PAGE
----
Everyone’s Obsessed With ‘Bird Box’ Because It Exploits An Ancient Fear We Can’t Shake

Everyone has been talking about Netflix’s latest horror film Bird Box, which was seen by 45 million accounts in the first week. There’s a key reason to why it has spread like a high-wind wildfire. The story leans heavily on Lovecraftian themes, most notably the fear of the unknown. It triggers within us an ancestral concern that has kept humans alive for centuries. Thus resulting in an original horror film you cannot look away from.

Warning— some spoilers ahead.

People are being driven to suicide by the mere sight of them


The film is adapted from Josh Malerman’s 2014 novel which bears the same name. The story’s hero, Malorie (played by Sandra Bullock), is blindfolded throughout her quest to get her children to safety. It flashes back to five years prior when unknown entities began spreading throughout the world, infecting people who see them, and driving them to suicide. The survivors learn that they must shield their eyes from the outside world as it crumbles in chaos.

The story pulls heavily from the works of two acclaimed American authors: H. P. Lovecraft and Cormac McCarthy. Lovecraft is regarded as one of the 20th Century’s greatest authors of weird fiction and horror. He’s credited in creating the genre of Lovecraftian horror. McCarthy has written several classics spanning from Southern Gothic to Post-Apocalyptic genres.

An unforgettable genre of horror

There are many elements to Lovecraftian horror but the fear of the unknown is a constant recurrence throughout the genre. This “unknown” isn’t being unsure if your guacamole has turned or your boss arrived to work before you. No, it expounds on a more visceral and realistic fear everyone must cope with at some point in their life: what waits for me beyond the darkness? If you’ve ever swam in the ocean at night, there’s no question your mind pulled for a moment to wonder what was swimming below my feet?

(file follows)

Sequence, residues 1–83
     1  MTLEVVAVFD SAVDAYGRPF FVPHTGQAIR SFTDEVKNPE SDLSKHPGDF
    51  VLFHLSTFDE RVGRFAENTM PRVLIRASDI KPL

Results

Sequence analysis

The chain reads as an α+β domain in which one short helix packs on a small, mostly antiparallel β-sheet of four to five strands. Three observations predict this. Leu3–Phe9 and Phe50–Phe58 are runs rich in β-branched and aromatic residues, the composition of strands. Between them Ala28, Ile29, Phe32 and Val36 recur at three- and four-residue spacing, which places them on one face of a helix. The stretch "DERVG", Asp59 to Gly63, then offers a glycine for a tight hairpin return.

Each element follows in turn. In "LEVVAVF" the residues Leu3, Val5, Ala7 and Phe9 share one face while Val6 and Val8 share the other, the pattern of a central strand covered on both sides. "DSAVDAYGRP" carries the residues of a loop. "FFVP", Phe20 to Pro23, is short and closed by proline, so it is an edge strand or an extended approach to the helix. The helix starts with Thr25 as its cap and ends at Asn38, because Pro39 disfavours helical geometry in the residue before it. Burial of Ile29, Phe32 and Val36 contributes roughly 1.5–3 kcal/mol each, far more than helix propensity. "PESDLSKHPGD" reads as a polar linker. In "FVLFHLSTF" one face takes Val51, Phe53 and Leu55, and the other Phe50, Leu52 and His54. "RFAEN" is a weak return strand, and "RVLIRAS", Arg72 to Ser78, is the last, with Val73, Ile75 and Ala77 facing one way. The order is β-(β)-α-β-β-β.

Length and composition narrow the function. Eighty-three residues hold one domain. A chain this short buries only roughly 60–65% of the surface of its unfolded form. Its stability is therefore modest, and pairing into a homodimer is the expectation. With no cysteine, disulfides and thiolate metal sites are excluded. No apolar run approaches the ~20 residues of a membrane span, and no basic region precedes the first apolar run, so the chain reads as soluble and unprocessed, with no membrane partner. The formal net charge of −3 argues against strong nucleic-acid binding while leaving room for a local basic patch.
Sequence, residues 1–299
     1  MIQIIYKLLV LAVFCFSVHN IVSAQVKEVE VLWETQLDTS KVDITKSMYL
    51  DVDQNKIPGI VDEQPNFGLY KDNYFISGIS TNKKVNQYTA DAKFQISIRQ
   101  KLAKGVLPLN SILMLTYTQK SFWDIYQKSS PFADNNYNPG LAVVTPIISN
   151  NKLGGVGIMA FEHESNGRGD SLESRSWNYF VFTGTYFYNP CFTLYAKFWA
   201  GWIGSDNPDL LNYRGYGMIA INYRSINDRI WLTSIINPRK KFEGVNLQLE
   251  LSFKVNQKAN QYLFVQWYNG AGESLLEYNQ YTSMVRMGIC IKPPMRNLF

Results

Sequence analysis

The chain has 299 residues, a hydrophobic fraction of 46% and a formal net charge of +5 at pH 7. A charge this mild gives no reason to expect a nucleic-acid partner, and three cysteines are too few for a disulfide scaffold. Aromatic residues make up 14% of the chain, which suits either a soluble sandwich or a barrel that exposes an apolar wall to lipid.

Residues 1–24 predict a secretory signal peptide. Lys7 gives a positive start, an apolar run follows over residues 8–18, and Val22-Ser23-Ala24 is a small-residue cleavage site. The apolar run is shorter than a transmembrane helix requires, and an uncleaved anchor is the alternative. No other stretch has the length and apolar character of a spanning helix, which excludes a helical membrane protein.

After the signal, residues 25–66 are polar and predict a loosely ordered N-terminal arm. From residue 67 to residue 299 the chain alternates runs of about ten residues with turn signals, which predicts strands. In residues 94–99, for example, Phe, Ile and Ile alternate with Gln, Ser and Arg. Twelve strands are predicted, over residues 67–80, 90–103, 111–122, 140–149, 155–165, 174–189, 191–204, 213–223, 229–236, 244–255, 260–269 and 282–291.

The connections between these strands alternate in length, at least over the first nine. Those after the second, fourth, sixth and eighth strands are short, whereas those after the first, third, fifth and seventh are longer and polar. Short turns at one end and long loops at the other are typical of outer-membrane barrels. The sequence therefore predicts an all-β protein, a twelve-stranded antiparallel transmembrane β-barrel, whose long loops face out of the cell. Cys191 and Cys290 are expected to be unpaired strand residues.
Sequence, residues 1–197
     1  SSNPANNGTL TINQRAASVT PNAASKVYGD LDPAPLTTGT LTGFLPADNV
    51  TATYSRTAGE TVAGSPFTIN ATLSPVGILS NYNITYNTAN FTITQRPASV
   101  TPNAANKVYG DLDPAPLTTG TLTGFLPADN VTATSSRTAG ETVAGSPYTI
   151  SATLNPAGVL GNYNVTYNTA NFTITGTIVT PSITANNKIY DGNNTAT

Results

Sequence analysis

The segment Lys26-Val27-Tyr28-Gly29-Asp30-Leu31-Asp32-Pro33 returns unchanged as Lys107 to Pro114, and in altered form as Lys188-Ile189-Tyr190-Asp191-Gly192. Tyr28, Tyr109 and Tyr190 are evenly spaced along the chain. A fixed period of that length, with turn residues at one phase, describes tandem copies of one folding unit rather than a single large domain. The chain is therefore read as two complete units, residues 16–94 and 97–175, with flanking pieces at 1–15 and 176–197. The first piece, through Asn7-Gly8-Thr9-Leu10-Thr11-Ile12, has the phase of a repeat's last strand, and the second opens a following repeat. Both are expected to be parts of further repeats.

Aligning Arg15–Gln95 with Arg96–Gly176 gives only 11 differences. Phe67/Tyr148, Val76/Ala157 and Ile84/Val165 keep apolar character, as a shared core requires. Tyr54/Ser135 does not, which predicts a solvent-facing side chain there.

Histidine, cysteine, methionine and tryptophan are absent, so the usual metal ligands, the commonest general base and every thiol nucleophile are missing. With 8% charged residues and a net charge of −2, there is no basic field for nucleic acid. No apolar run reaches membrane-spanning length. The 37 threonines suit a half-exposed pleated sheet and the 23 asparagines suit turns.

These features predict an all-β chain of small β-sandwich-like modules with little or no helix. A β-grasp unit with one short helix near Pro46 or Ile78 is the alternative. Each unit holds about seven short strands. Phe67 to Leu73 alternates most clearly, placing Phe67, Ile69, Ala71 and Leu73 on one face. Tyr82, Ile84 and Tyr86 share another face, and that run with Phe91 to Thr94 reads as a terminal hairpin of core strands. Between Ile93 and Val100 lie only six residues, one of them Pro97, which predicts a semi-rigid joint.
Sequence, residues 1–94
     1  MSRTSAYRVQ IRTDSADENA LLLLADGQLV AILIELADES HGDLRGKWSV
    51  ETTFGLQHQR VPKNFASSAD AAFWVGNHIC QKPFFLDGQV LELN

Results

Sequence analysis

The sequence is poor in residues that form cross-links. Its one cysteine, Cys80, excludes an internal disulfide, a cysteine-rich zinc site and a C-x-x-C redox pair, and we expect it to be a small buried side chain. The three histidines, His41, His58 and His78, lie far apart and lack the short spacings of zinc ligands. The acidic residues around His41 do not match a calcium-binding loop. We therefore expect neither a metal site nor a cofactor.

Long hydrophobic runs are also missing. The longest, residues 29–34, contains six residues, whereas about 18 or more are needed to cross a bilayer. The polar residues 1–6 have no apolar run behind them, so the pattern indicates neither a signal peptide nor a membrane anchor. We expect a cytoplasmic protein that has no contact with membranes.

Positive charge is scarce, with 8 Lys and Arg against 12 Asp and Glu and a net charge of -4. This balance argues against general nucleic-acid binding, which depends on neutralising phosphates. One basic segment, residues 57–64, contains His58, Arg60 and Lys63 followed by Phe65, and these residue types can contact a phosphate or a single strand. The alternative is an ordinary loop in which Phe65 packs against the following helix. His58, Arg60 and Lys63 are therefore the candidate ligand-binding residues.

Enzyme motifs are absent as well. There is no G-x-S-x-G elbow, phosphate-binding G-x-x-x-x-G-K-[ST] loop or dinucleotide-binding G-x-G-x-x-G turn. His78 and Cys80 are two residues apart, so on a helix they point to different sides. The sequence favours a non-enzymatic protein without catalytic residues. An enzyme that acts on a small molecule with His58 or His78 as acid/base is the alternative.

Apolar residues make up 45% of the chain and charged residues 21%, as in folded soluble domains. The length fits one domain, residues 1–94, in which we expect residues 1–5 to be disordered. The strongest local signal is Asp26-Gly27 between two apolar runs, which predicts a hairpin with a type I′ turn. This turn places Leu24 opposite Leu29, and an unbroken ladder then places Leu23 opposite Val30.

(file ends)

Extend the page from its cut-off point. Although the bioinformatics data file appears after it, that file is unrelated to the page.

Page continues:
Lovecraft created a monster that expanded on this fear better than any of his predecessors. It eventually formed a mythos of its own. It’s centered around an entity so terrifying readers will never forget it: Cthulhu. All of Lovecraft’s stories are canonical to the Cthulhu Mythos and other writers have helped expand it over the last 90 years.

Catch a glimpse of Cthulhu in Bird Box

In fact, there’s a scene in Bird Box where a possessed lunatic reveals a pile of demonic drawings, one bears a striking resemblance to Cthulhu. The tentacled monster that Lovecraft created is an entity which drives people mad and is worshipped by cultists. In Bird Box a select group of insane people worship the entities they see and reign terror on the survivors, urging them to look.


Bird Box beautiful brings Lovecraftian horror into a narrative with a resilient but flawed hero. Malorie seems whelmed with ennui. She isn’t too thrilled about the idea of being a soon-to-be mom. Before things go south she’s considering adoption. But that’s when the entities invade. The characters in the story never have a chance of fighting back, which lends itself to another Lovecraftian theme: anti-anthropocentrism, the feeling that we, humans, aren’t the center of the universe and there’s something greater and more powerful than us.


Not much is ever explained regarding the entities. You never see them or find a know-it-all expert who is dropped there for the sake of moving plot along. Susanne Bier, the director, did a great job in keeping the story going and giving the viewer hope, albeit false, of possibly seeing these monsters.

“There is no terror in the bang, only in the anticipation of it.” — Alfred Hitchcock

Malorie names her children Boy and Girl, which harkens to McCarthy stories like Blood Meridian and The Road. By giving a character no name it makes it difficult to get a read on who they are. Like a faded mirror it doesn’t reveal what’s there entirely. A character’s foundation is built off of their name; Jay Gatsby, Cruella Deville, Bruce Wayne, Atticus Finch. It sets the stage before the story begins.

More films should study these classical horror elements. Today the industry leans heavily on shock-horror, think Saw II, Chucky, Texas Chainsaw Massacre. Most of the time it relies on a scantily clad teenage girl running through the woods away from safety. Lovecraftian horror takes a more intellectual approach by keeping the reader or viewer thinking every step of the way. While a slasher film may scare you outright, it’s stories like this that’ll stay with you forever.

This is why 45 million accounts have watched Bird Box.


Bird Box keeps the suspense alive right up toward the end as Malorie, Boy, and Girl seek refuge by riding through river rapids, blindfolded. The horror of not knowing what lies beyond is why we watch. It’s the unknown that scares us most, because it can happen anywhere, not just in the dark. It could even be in your home. Perhaps the thing you fear is silently breathing, right, behind, your chair. Thought Catalog Logo Mark

Writer. Never bored.

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